FOUS30 KWBC 281525
QPFERD

Excessive Rainfall Discussion
NWS Weather Prediction Center College Park MD
1123 AM EDT Thu Oct 28 2021

Day 1
Valid 16Z Thu Oct 28 2021 - 12Z Fri Oct 29 2021

...A SLIGHT RISK OF EXCESSIVE RAINFALL EXISTS ACROSS PORTIONS OF
WESTERN WASHINGTON...

16Z Update...

...Pacific Northwest...
Precipitation will continue to fall over the region as a strong AR
event unfolds. Saturated soils only exacerbate the situation even
more. Latest Hi-Res indicates 2 to 3 inches with pockets of 4 to 5
inches possible for the higher elevations in the Cascades and
Olympics. Left the Slight Risk and Marginal Risk footprints as is
with radar trends and model guidance aligning well with previous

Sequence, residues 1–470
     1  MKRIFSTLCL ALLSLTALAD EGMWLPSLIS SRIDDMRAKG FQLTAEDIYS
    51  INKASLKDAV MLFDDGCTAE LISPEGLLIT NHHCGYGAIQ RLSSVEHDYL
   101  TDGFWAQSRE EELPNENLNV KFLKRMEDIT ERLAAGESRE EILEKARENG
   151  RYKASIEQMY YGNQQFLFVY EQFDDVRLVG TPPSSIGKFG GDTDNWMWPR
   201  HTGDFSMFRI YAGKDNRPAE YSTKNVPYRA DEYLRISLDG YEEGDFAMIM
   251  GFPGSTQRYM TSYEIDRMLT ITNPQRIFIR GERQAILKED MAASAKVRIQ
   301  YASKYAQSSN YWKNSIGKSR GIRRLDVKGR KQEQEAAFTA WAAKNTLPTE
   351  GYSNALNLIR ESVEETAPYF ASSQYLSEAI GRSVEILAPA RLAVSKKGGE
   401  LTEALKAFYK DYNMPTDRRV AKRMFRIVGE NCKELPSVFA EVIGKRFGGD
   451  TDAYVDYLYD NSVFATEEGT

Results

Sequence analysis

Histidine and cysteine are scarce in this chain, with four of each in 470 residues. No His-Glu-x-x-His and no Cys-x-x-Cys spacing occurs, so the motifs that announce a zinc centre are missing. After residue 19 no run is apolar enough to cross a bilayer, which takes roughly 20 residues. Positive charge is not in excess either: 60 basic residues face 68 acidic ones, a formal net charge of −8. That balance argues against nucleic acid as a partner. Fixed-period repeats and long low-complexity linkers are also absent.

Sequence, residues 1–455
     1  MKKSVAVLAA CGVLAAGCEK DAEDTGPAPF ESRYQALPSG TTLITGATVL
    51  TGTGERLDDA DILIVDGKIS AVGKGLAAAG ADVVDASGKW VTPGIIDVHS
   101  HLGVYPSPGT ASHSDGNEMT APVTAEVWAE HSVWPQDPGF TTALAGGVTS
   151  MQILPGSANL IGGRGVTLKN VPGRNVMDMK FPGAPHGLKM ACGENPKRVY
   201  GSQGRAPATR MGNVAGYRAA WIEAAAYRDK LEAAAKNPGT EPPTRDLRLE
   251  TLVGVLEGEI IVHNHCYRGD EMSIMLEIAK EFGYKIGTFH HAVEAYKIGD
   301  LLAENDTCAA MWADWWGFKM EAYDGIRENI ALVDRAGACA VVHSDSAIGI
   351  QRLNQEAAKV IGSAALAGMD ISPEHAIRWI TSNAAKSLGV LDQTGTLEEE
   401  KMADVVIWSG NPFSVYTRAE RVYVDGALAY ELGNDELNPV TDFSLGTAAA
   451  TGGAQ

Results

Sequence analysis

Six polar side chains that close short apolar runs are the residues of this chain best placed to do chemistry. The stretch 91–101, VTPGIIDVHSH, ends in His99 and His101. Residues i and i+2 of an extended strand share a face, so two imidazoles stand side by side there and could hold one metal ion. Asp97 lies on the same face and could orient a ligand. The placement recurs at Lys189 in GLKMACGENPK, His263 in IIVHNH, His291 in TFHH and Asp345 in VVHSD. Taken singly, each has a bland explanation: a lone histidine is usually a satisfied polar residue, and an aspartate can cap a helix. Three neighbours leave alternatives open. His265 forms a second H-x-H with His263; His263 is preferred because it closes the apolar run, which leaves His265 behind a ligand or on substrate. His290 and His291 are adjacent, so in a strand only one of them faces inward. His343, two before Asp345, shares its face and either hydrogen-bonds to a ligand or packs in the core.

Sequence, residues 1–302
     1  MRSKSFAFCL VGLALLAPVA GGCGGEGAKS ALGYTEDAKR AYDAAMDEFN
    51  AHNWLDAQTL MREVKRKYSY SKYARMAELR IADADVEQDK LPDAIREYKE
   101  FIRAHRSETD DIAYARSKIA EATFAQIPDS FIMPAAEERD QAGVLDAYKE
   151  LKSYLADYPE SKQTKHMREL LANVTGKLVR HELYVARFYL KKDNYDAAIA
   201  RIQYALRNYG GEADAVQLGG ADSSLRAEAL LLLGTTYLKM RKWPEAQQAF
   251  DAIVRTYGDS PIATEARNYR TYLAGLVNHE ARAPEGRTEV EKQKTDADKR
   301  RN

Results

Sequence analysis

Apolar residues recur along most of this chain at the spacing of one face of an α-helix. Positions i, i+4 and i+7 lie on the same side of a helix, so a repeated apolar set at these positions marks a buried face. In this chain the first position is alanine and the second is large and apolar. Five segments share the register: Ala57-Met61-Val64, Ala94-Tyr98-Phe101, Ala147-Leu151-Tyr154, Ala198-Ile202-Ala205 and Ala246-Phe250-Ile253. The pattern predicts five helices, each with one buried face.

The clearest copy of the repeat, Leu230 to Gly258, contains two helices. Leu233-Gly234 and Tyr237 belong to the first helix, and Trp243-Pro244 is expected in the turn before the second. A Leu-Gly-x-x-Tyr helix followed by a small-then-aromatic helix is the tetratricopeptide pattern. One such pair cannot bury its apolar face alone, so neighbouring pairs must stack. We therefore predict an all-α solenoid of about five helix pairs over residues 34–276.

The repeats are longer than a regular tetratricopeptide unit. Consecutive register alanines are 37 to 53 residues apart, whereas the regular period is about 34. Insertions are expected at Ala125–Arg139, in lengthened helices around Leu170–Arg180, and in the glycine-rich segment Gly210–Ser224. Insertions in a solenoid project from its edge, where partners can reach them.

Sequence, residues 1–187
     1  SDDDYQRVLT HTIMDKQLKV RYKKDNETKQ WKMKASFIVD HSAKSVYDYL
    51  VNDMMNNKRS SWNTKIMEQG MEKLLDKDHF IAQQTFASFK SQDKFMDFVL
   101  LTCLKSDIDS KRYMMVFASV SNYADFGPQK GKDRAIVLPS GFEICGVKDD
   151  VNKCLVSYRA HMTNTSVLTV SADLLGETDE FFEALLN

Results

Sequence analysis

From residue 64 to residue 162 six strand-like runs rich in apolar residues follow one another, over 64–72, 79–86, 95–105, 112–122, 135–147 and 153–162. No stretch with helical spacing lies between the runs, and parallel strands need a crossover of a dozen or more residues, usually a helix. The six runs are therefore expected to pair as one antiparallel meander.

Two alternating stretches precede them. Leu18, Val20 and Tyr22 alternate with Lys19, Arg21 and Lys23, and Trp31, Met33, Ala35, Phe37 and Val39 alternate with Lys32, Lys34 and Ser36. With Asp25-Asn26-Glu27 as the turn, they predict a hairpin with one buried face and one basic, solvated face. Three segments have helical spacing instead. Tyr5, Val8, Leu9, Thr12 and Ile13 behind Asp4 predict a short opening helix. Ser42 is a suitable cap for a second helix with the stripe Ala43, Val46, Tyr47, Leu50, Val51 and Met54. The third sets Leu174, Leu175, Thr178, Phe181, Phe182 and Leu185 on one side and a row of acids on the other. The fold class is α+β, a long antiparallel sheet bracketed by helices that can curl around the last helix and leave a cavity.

thoughts.

...Blue Ridge Mountains of NC/VA...
Amounts through the mountain range for the period are still
relatively low, but given upslope flow and overall flooding
potential for the region, have opted to keep the Marginal Risk
area as is.

...Florida Panhandle...
The frontal boundary continues its progression eastward this
morning with locally heavy rains. The Marginal footprint was
adjusted further eastward and northward to account for latest
radar trends and model guidance.

Chiari

Previous Discussion...

...Pacific Northwest...
A strong atmospheric river will impact western WA today bringing
some impressive rainfall totals to the Olympics and northern
Cascades. Not much in the way of instability, but the strong
onshore flow and anomalous PWs will still support some periodic
higher rainfall rates. Just about all the higher res guidance
indicate hourly totals locally exceeding 0.5" at times through